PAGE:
How many superstars does it take to get to the Olympics? Heck if I know. But there’s one more name to throw into the growing mix of opinions that is the 2018 Winter Olympics.
Connor McDavid came out as Pro-lympic over the All-Star weekend.
McDavid made explicit his views on NHL participation saying, “100 percent they should go. I couldn’t really picture an Olympics without it, to be honest,” McDavid said.
To be able to compete in the 2018 Pyeongchang Winter Olympics in South Korea would be a dream come true for the young phenom according to Postmedia.
McDavid is just one of many calling for Olympic participation on behalf of the players. Alex Ovechkin has never been shy on the matter, stating repeatedly his intention to play for Russia regardless of the NHL’s stance. Washington Capitals owner Ted Leonsis has stood by his franchise forward, fully supporting Ovechkin’s decision.
But not all owners support sending its biggest players and money makers, halfway across the globe to compete in an event from which they do not profit.
We didn’t need McDavid to remind us about the Olympic confusion, though. Commissioner Gary Bettman very clearly, and carefully, explained exactly where they are on the issue.
Bettman made sure to interrupt the painfully slow All-Star extravaganza to tell the fans that himself and the owners have spent almost no time discussing the issue at all. In fact, there is a good chance that Bettman spent more time talking about the Olympics this weekend than the entirety of the NHL brass has in total.
Just to recap: Last year the International Olympic Comittee announced they would no longer foot the bill for travel and insurance costs; roughly $10-20 million dollars.
So, Bettman and the NHL approached the NHL Players Association with a deal.
In return for the NHL fronting the travel and insurance bills, suffering the revenue losses, and risking their most valuable assets to injury, the NHLPA was asked to extend the current Collective Bargaining Agreement, thereby waiving their opt-out clause in 2019; extending the current CBA well into the future and ensuring players the opportunity to play international hockey for another two Olympics.
This proposal was categorically shot down by the NHLPA.
The International Ice Hockey Federation, meanwhile, pledged to raise the money for the NHL. However, Bettman politely declined citing that the NHL could not accept money that would otherwise be spent on grass roots funding and growing the game.
NHLPA executive director Donald Fehr provided brief shimmer of hope saying in a statement,
I’m more optimistic now than I have ever been, at least as far as we’re concerned, that we’ll be able to reach an appropriate agreement with the IIHF to allow for the players to go.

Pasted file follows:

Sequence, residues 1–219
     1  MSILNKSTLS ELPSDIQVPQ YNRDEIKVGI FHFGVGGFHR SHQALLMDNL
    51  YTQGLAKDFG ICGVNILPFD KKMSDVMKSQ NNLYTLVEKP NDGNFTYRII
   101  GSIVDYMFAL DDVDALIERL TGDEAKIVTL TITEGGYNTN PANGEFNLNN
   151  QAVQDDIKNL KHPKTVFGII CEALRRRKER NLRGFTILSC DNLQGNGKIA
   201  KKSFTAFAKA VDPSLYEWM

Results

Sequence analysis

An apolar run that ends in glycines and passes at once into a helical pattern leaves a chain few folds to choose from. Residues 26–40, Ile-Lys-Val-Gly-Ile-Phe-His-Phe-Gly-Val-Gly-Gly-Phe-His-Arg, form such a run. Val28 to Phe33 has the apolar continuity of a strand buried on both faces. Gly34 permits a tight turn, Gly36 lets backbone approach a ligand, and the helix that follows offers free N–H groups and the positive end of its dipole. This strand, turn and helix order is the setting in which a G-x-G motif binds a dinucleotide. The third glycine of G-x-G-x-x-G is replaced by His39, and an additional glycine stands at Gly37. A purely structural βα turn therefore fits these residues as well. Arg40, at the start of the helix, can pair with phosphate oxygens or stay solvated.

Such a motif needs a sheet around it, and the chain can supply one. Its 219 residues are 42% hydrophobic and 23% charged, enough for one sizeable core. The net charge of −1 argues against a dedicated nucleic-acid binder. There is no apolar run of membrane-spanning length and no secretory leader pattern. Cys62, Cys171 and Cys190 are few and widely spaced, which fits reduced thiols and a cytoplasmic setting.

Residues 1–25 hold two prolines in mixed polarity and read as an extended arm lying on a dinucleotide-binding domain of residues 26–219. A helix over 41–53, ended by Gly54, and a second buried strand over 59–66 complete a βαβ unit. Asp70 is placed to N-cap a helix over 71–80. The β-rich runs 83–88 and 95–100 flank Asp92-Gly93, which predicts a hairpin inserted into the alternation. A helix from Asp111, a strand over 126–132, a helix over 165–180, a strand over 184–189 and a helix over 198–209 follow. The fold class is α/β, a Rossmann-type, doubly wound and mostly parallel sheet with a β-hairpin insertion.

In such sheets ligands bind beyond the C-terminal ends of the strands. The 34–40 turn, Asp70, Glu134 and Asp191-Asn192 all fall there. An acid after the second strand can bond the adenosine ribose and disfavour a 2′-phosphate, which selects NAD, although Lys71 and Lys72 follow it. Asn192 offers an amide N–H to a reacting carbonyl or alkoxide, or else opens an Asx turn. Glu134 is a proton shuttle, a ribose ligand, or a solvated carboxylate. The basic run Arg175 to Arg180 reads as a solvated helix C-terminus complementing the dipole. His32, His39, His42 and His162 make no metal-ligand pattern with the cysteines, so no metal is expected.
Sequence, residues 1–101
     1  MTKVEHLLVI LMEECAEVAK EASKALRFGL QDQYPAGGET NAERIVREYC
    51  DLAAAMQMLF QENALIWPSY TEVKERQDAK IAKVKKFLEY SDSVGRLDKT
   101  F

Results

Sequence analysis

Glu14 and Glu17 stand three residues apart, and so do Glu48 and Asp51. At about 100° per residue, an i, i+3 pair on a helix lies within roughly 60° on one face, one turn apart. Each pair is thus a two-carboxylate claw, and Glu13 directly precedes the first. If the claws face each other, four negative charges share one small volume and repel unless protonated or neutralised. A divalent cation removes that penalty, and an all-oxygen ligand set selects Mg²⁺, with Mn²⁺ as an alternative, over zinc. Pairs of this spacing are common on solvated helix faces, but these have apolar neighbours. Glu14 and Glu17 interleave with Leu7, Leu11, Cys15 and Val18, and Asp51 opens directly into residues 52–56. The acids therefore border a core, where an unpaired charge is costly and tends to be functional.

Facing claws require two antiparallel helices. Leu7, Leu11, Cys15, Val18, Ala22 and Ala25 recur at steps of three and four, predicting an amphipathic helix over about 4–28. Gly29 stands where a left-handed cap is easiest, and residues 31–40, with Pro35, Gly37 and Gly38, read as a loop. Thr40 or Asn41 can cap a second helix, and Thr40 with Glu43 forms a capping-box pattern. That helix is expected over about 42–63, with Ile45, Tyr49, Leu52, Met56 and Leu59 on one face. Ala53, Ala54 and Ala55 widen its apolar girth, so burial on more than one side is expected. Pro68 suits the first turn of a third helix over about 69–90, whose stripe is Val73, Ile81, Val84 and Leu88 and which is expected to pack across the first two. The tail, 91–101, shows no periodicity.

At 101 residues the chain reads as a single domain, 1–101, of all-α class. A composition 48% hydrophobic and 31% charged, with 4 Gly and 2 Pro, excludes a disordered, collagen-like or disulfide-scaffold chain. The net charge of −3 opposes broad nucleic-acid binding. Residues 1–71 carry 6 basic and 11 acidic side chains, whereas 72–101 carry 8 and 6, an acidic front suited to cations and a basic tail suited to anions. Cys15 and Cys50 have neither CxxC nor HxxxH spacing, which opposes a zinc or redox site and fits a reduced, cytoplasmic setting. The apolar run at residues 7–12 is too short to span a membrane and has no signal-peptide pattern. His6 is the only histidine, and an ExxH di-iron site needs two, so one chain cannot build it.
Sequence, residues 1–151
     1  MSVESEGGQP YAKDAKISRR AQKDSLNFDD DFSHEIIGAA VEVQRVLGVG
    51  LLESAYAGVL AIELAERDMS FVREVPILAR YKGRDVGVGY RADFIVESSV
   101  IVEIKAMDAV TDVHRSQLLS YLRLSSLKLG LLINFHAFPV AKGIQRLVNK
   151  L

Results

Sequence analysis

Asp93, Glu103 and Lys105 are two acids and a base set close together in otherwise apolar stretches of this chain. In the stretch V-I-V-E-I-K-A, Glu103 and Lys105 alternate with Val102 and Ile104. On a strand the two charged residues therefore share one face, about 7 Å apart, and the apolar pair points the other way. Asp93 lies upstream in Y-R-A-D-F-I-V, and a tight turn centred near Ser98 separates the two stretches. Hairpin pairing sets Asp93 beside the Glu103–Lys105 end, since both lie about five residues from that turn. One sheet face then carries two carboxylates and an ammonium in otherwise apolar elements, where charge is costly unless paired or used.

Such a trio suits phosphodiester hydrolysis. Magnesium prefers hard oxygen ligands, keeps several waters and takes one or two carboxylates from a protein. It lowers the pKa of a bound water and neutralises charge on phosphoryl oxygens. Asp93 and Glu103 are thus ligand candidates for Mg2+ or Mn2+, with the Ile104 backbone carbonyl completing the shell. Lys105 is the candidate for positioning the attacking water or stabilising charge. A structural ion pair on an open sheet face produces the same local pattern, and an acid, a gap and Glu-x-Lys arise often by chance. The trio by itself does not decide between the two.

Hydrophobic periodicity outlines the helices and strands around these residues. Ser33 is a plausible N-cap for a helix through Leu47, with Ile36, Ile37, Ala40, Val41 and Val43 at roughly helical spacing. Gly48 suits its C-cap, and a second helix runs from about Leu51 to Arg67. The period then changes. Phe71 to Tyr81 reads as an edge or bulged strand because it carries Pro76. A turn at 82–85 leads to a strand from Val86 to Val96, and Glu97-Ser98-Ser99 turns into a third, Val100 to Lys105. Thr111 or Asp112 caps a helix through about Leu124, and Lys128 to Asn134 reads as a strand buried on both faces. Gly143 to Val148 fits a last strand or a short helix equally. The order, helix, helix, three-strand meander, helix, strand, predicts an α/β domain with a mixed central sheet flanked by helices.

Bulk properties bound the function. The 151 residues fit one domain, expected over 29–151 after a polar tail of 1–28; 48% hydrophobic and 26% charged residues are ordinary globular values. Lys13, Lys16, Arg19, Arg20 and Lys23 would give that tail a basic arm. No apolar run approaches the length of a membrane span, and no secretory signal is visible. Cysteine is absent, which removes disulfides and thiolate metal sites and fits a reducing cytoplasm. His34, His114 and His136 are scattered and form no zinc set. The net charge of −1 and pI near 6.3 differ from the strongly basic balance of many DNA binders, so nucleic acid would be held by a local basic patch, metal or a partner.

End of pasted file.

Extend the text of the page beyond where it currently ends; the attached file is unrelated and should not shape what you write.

And that was that. Until Bettman made sure to tell the masses just how little the NHL has been working to make things happen.
In essence, the issue is really quite simple.
If NHL players go, the Olympics will be better, but the League will lose some money.
If the NHL players don’t go, the Olympics will be much worse and the NHL will carry on as normal.
Repeatedly, Gary Bettman and the owners have stated that because the games are so far away they have nothing to gain and everything to lose. Given the League’s mandate to grow the game, these statements seem to directly contravene Gary Bettman and the NHL’s obligation to youth around the world.
And this is the part where we all realize that the NHL isn’t soft and cuddly. It’s not your childhood best friend or the buddy you hang out with every Saturday night. It may be the game you grew up playing, but it isn’t your game.
The NHL is business, it’s a corporation. A corporation who seemingly has little to no interest in whatever market might exist in the 2018 Pyeonchang Winter Olympics.
The NHL may believe they can only lose by going to Pyeongchang, but they also have something to lose by not participating as well.
The fans have called for their favorite players, in many cases their countrymen, to compete; repeatedly. Players have pledged allegiance to the Olympics, and superstars at that. The IIHF has even offered to empty their coffers for the cause. But Bettman and the owners have not budged an inch.
If the NHL declines to participate it will result in a serious blow to their integrity.
Bettman has made few friends of fans during his tenure as NHL commissioner, though. Through three lockouts and countless berating and belittling boo’s, the thick skinned commissioner takes his orders from a higher power; the board of governors.
As a result, Bettman is unlikely to put much stock in the thoughts and feelings of the NHL’s true money makers; its fans.
As it stands, there’s not much too much to be optimistic about with regards to seeing our favorite players compete for their countries next winter.
For what it’s worth, though, the NHL has not set a timeline for their decision. So anything is possible.